Lowlight/underexposure with RED (9 replies and 5 comments)
I've been having trouble working with the RED sensor (Dragon & Helium) in lowlight. I've tried a few times shooting in blue hour or creating small pools of light in a scene and letting parts of the space fall into the blacks. However, when I bring the footage into post, the shadows often seem excessively noisy in a bad way.
I recently shot a scene in blue hour and was still decently exposed (skintones in the IRE20/30 area) which is still under but the image just seemed mushy and noisy.
Thinking of the rooftop scene in Sicario that was all natural light and Alexa, the image seemed to still have some definition and natural noise that felt like film grain. I've also AC'd for DP's shooting the Alexa around 1600 in blue hour and still get a nice image. Grainy but colors and tones are pleasing, and that was viewing the footage straight out of camera on DIT computer.
Is this an issue on RED sensors or is there something I need to be doing either in camera or in post? I've seen some amazing images come out of RED cameras but I almost feel like I have to overexpose to get light into the shadows then bring everything 1-2 stops down in post to avoid mushy images.
You should submit this question to the RedUser forum -- maybe you are converting the footage incorrectly from raw. Though usually the problem is just too much underexposure or you are brightening the image too much in post.
I haven't shot with a Red camera in a while but here is a frame from a twilight scene I shot in 2011 on one of the first Epics with the old Mysterium-X sensor. I don't recall the exposure in terms of how much I let the twilight get underexposed -- I think I set the camera to 1000 ASA and set the lens to an f/2.0 and waited until it got dark enough. But it definitely was underexposed for the effect I wanted, I didn't darken the background view in post.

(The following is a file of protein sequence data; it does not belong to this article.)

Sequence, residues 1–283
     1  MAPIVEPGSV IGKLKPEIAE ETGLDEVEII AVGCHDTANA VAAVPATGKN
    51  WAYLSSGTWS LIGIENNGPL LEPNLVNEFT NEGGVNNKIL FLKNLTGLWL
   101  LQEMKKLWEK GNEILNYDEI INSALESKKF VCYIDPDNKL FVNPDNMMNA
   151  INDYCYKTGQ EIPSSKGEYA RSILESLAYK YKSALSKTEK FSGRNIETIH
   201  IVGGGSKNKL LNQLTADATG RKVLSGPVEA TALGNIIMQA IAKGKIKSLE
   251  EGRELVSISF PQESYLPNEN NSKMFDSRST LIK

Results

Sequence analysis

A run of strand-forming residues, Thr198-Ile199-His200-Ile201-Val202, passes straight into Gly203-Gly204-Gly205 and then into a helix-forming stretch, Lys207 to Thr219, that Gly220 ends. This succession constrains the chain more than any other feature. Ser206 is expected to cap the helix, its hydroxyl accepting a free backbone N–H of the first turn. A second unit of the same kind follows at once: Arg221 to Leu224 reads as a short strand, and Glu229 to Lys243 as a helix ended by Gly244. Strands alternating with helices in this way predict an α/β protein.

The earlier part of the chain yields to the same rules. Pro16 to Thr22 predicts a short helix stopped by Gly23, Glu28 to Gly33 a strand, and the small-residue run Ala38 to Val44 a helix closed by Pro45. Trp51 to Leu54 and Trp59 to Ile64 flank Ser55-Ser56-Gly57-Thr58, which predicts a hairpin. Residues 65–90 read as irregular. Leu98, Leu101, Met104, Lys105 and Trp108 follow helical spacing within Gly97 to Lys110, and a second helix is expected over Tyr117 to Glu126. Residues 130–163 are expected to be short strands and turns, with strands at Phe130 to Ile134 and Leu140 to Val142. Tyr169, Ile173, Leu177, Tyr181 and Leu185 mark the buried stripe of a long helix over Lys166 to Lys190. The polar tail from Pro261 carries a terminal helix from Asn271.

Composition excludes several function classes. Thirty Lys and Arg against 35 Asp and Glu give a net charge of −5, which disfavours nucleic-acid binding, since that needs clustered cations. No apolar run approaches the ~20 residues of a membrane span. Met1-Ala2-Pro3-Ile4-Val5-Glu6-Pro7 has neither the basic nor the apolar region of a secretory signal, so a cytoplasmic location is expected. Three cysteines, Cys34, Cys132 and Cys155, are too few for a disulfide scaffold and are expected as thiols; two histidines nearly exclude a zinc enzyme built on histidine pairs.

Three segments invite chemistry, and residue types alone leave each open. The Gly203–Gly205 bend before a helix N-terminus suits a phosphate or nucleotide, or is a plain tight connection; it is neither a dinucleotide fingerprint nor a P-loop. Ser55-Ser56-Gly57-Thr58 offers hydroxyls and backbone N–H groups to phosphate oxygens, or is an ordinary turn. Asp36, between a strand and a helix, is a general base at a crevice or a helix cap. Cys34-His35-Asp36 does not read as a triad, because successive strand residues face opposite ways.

Here's another dusk shot that I did on the old Epic -- I think I had the compression rate up on this one because it was shot at 96 fps, and the focus is a little off (the bottle under his arm is sharper than his face.)
Of course, this is also a compressed jpeg posted online...
One issue with Red cameras to watch out for is the black calibration / black shading, you have to make sure that's been done properly.
David, thanks for your response! I think black shading and temperature have been the main culprits. I try to black shade before each gig since I always rent but unfortunatly most the time I don't have time midshoot to reshade.
I shot with the Helium on a short and it was extremely hot in the hotel we were shooting in, the camera temp soared, and there was terrible noise in the shadows in the footage since I was shooting a very lowkey moody scene.
This is a problem that I've had with RED cameras ever since the RED One. Shadows seem to block up and become noisy much quicker than other camera systems. I freely admit it could be user error, but as I prefer to shoot with other cameras anyway, I've never really taken the time to get to the bottom of it.
Dragon sensor has been updated to correct reported issues and until Helium sensor gets figured out the Dragon sensor is apparently better. It still doesn't have good underexposure latitude especially in comparison to ARRI, Sony.
We did some underexposure testing a while ago with Scarlet W, both their 'normal' and low light OLPF, I'll include a few below. First 2 are OLPF, Last 4 are 'normal' OLPF. Definitely a difference in grain structure and under exposure latitude between LL OLPF & 'normal' OLPF (noticeable color shift as well although uncertain if due to IRND's).